This Conference Update was provided by Molly Schoen, Information Resources Specialist for the Visual Resources Collections at the University of Michigan.
The 33rd annual Visual Resources Association conference (#VRA33) took place last week in Denver, Colorado. For those who may not be aware, the VRA is “a multidisciplinary organization dedicated to furthering education and research in the field of image management within the educational, cultural heritage, and commercial environments.”
Sessions at the conference were wide-ranging and informative for both information and imaging professionals alike. I think what’s unique about the visual resources profession is it brings together librarians and photographers, media specialists and art historians. The VRA has done an excellent job in fostering these dynamic relationships. The array of events was similarly dynamic and diverse, from traditional sessions to roundtable discussions, workshops to lightning talks, museum tours to networking lunches. Key themes at this year’s conference included new technologies, visual literacy, digital humanities, intellectual property, and all things metadata.
VRA individuals are a dedicated bunch, committed both to preserving the past and establishing standards for the future. Groups such as the Slide and Transitional Media Taskforce are working to set guidelines to preserve the precious images and data from at-risk analog media, prone not only to physical decay but also disposal by administrative units interested in saving space. Others are invested in digital preservation, which faces parallel challenges as files are migrated and formats change.
Throughout the conference, the passion and creative forces at work were evident, from Greg Reser’s embedded metadata developments on Adobe Bridge, to William Sealy and Chris Strasbaugh’s innovative open-sourced cataloging workflow tool (DIMLI), to the resonating speeches given at the Members & Awards Dinner by lifetime achievement winner Maureen Burns, which moved some to tears.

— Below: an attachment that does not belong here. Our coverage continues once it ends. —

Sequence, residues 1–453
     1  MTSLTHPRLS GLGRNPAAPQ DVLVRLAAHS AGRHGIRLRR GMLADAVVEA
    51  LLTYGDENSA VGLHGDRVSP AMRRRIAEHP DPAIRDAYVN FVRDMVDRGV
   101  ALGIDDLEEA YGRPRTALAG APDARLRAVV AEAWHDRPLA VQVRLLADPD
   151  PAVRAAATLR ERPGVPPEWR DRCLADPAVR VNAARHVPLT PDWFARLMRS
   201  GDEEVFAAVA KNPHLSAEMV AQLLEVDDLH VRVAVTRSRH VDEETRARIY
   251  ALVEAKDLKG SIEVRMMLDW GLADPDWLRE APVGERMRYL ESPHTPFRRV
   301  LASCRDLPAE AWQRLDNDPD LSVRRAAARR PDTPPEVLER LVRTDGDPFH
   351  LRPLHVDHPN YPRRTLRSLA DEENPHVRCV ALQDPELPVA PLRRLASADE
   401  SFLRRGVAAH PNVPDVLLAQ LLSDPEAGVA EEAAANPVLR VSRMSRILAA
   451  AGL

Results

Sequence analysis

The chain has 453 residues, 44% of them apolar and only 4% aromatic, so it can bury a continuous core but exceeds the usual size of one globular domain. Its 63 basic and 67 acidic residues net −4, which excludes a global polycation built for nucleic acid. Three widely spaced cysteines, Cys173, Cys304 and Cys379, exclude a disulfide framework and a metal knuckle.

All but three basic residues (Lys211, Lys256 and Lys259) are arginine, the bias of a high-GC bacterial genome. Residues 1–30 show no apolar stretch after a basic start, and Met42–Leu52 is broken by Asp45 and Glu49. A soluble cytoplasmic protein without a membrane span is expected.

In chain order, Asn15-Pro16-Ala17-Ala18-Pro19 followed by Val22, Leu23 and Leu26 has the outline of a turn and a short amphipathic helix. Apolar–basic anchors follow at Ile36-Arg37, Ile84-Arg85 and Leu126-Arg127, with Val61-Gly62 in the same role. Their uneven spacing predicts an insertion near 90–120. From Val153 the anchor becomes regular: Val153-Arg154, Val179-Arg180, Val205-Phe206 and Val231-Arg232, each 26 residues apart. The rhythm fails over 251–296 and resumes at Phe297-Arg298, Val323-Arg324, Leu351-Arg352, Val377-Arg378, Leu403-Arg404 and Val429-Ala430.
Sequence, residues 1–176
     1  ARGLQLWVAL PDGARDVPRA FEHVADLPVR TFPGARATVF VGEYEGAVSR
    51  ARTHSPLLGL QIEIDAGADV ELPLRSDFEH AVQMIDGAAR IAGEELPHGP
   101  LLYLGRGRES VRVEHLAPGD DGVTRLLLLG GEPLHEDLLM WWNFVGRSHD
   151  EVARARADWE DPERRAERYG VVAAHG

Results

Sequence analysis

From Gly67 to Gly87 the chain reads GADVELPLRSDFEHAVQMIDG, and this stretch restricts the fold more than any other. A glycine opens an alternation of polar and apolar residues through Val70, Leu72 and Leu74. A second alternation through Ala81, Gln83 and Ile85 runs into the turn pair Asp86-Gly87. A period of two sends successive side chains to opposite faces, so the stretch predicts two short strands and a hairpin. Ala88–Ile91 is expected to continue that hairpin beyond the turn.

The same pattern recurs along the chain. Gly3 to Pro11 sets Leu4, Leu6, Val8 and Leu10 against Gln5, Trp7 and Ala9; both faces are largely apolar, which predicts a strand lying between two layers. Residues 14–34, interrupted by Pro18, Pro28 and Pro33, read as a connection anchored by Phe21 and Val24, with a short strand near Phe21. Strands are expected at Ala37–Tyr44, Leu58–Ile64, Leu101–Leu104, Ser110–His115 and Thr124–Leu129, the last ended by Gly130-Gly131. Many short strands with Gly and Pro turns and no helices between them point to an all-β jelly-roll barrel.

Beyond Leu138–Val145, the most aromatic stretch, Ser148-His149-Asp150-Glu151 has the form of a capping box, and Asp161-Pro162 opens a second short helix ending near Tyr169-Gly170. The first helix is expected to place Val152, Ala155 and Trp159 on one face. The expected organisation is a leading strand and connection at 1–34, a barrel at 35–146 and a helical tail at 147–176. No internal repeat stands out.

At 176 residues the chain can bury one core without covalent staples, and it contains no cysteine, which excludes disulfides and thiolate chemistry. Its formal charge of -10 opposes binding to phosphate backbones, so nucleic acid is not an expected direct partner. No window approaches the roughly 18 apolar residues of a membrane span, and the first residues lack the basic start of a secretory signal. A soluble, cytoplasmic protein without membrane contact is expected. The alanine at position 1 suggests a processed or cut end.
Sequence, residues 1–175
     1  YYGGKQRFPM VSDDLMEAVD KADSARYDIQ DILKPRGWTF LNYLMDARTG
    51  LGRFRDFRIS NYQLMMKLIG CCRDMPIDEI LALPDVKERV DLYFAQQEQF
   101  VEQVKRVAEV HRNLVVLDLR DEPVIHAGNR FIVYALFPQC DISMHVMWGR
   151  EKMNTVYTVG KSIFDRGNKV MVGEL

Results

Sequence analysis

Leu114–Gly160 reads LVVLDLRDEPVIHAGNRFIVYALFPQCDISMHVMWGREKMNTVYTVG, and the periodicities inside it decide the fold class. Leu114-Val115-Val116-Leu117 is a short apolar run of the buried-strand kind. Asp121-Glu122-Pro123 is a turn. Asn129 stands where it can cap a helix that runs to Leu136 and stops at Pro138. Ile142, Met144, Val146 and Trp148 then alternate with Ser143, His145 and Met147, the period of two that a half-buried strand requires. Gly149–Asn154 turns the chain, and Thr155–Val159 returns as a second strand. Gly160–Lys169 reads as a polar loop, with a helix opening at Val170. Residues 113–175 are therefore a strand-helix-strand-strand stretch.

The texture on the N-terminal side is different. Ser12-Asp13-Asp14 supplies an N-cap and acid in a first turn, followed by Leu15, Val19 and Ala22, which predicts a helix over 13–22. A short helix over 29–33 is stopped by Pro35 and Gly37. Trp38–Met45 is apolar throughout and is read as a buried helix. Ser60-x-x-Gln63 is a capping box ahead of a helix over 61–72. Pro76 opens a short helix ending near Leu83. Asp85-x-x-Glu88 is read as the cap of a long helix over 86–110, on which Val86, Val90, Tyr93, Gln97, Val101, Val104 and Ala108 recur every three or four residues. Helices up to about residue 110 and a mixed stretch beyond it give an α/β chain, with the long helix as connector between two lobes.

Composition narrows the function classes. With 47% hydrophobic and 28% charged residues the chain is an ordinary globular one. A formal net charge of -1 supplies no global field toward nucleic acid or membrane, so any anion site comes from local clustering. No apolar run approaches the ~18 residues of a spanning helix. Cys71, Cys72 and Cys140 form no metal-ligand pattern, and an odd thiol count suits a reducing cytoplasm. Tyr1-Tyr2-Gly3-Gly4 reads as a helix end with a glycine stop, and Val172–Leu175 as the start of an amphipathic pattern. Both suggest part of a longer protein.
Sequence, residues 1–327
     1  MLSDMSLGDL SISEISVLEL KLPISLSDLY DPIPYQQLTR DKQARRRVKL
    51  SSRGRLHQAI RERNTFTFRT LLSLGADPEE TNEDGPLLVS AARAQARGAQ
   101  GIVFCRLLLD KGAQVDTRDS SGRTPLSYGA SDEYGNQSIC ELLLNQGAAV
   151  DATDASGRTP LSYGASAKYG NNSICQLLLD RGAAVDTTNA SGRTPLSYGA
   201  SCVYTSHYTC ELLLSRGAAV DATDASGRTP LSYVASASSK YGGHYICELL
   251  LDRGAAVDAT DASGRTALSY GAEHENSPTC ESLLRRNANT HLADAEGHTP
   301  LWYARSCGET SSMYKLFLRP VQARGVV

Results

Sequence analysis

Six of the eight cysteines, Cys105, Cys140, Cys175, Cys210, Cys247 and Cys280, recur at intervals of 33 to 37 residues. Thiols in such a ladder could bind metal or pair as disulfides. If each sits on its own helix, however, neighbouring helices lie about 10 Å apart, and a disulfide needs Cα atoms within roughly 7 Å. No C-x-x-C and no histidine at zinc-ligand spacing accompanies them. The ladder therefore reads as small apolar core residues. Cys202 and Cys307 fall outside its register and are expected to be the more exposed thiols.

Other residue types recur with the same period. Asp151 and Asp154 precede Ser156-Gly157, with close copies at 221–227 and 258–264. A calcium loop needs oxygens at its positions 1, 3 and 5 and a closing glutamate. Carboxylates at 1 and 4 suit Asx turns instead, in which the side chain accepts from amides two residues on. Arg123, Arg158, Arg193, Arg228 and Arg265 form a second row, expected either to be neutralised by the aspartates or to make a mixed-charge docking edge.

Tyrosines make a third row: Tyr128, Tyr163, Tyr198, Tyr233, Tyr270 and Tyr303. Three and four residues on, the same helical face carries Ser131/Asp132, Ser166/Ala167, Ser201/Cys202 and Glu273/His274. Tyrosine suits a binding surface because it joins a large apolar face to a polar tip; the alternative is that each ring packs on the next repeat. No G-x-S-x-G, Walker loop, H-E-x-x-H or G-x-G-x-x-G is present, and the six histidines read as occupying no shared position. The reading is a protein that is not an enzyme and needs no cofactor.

The approachability of VRA members, even those with impressive titles and long trails of accomplishments, is unparalleled. Events such as the Welcome Reception, New Members & First Time Attendee Breakfast, and the Sponsors Meet ‘n’ Greet and Poster Sessions all encouraged friendly mingling. Near the registration desk was a make-your-own-art-button station and a conference board game, supplying additional settings for chance interactions—and fun—among all VRA people. The conference planners also did away with name badge ribbons this year, putting all members on an equal level.
Something that I’ve found most striking about the VRA since I joined two years ago is the vast amount of support and opportunities available for students and new professionals. The conference boasts a mentor/mentee program, significant travel awards to help cover expenses, loads of events for new members, and easy pathways into leadership roles. Some have even gone from new member to board member in just a year or two. Facilitating relations between new and veteran members alike is the Visual Resources Emerging Professionals and Students group (VREPS), which I co-chair. VREPS is aimed at providing a sounding board for new VRA members as well as providing career development opportunities. This year’s VREPS events at VRA included a job searching workshop, a meeting / open discussion, and the VREPS Night Out—a low-key gathering at a nearby bar.
The 2016 conference is a joint effort with ARLIS/NA (Art Libraries Society of North America), which means there’s even more to look forward to. This was my third time attending VRA, and I can’t wait to do it all again in Seattle next year!